The Youth & Government program offered at YMCAs — including the Santa Barbara, Stuart C. Gildred, and Ventura branches of the Channel Islands YMCA — give students a chance to learn about California’s legislative and judicial processes by writing bills, preparing briefs, and governmental role-play (lobbying, running for office, debating bills, voting on legislation). The following is by a high school student delegate from Santa Barbara, who was elected to Youth & Government’s National Issues Commission after giving a speech that received a standing ovation.
Being elected to the Youth and Government National Issues Commission at the first conference of the year is an experience I will never forget. I learned from the election process that if you can touch someone’s soul, they will vote for you. But touching someone’s soul lasts long after the election process and helps you become a leader beyond the job description.
This has implications for all elected leaders — they must always remember that their first obligation is to the people that they represent, the souls they’ve touched.
Unfortunately, one of the realities acknowledged by Youth & Government (Y&G) participants is that our simulated political process is so much more honest than what happens in the real world. In Y&G, votes must be earned through debate and platforms instead of being bought by industries such as the oil and hydraulic fracturing companies, as happened in Santa Barbara in November 2014.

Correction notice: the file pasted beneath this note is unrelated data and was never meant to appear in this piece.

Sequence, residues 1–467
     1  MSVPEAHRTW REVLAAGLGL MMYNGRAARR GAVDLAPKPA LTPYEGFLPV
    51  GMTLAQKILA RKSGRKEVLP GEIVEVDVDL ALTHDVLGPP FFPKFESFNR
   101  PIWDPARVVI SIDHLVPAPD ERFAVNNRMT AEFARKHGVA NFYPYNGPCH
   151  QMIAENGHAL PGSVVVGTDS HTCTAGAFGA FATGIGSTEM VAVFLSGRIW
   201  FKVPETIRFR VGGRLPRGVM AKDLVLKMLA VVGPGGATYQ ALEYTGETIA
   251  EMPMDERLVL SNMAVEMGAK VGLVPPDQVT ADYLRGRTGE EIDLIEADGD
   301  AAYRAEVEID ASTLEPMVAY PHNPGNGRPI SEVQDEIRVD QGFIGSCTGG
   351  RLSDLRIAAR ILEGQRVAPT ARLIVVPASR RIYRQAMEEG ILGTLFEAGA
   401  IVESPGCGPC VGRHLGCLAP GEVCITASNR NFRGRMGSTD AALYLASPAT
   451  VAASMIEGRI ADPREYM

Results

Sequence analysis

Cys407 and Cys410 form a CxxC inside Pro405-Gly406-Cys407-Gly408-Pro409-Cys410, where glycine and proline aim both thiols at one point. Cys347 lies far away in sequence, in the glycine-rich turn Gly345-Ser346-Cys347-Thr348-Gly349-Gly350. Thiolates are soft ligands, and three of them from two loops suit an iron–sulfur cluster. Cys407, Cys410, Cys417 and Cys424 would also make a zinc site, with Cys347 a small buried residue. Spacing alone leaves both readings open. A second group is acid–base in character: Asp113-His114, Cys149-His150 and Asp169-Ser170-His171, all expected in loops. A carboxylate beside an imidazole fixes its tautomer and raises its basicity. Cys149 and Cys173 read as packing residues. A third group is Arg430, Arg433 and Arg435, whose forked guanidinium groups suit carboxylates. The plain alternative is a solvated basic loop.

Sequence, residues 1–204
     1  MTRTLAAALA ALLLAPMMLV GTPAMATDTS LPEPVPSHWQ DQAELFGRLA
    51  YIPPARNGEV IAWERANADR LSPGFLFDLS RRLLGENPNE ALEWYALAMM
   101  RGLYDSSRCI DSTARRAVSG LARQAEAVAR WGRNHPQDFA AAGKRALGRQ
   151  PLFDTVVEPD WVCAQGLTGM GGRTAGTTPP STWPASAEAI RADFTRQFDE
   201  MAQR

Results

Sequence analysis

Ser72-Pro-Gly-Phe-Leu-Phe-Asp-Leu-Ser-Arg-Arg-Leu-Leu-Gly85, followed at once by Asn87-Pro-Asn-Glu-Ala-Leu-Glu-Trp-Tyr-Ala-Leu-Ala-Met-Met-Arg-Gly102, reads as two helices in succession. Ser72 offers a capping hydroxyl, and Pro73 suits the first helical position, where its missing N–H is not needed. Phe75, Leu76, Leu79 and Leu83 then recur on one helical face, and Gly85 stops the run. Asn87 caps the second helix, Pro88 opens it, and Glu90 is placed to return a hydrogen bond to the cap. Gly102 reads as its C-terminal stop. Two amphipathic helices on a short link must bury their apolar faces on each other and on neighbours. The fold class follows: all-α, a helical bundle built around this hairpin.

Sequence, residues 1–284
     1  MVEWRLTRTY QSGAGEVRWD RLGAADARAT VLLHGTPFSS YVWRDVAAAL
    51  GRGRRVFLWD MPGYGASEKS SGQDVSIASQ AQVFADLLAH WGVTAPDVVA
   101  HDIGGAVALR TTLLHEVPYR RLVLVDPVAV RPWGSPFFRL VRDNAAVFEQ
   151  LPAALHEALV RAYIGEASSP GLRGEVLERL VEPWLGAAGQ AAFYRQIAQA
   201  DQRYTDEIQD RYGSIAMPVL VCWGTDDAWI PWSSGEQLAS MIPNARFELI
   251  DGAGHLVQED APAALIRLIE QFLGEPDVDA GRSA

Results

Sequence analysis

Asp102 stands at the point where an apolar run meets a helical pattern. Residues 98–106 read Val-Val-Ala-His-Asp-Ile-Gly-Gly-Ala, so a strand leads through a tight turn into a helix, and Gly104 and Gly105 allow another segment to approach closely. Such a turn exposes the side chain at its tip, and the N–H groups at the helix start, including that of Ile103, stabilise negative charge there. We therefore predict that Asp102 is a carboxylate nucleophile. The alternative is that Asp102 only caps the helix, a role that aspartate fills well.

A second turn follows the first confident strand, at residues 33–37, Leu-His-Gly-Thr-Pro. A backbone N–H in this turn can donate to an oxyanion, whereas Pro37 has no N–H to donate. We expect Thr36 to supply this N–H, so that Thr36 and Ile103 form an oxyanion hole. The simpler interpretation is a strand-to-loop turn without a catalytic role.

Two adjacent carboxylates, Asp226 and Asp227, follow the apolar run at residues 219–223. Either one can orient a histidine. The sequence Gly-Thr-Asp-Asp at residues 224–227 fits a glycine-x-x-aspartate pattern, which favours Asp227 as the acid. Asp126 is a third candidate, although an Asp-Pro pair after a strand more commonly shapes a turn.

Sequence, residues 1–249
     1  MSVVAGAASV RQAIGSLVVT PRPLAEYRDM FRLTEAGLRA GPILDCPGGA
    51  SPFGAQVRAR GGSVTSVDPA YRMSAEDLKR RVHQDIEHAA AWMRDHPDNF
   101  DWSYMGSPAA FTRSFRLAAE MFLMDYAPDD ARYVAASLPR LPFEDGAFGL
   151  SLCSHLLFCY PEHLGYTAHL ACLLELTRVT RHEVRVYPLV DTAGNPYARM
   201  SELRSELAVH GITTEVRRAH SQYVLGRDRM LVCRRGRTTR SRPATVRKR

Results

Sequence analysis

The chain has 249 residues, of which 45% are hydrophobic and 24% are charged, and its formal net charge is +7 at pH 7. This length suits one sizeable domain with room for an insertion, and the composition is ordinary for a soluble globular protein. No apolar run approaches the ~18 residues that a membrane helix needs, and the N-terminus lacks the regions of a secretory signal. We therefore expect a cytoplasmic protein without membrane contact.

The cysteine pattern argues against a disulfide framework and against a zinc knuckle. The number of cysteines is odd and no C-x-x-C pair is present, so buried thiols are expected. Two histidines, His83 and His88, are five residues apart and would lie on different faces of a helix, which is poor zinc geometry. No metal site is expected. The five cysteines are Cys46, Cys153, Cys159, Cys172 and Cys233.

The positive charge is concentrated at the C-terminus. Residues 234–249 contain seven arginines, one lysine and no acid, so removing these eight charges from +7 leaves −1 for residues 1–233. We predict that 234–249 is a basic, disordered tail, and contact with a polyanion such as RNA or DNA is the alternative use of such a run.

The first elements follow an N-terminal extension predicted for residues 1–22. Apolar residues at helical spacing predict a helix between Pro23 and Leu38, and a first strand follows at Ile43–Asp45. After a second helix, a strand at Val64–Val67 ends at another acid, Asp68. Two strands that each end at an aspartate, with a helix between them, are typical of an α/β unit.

Most political issues either have to do with humans hurting other humans or hurting the environment. We need to get money out of politics altogether so this doesn’t continue to happen simply for profit and cheap political gain.
Fortunately, Y&G has also taught me that despite the fallacies with our current system of government, there are always people who genuinely care. What most struck me at the conference was how much people at Youth and Government care about important issues affecting our state, our nation, and our world. If the outside world as a whole cared a quarter of the amount the majority of the participants in Youth and Government cares, then the world would be a much, much, better place.
I encourage fellow youth to join this program if they want their world lighted up by human connection and the power of their own inner voice. I also encourage fellow Santa Barbarans, Californians, Americans, and citizens of the world to speak boldly for the causes and concerns you care about. I’ve realized my voice not only matters but can actually make an impact on people, and I can start changing the world right here, right now. You can, too.
Youth and Government is a six-month program offered by YMCAs across the nation that provides students the opportunity to experience government first-hand and learn how to solve community problems through the democratic process as well as debate and discuss issues with their peers. In California, the experience culminates with Model Legislature & Court in Sacramento in February.